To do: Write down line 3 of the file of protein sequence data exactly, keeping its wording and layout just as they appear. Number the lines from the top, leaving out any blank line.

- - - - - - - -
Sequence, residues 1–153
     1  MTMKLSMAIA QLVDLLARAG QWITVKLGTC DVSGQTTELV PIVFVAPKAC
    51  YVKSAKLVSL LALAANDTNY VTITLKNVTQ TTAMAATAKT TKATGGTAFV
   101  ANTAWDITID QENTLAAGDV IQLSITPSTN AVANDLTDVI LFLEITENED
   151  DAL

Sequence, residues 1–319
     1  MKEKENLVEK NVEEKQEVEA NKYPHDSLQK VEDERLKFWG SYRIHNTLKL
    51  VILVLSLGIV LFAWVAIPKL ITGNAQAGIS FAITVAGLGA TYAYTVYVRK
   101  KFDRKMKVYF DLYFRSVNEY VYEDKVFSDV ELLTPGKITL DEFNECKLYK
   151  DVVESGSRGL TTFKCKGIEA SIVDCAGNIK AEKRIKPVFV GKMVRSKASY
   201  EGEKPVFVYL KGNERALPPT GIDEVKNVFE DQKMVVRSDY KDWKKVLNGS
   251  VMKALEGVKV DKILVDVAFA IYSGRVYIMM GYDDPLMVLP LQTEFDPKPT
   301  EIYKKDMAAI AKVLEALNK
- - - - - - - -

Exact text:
    51  YVKSAKLVSL LALAANDTNY VTITLKNVTQ TTAMAATAKT TKATGGTAFV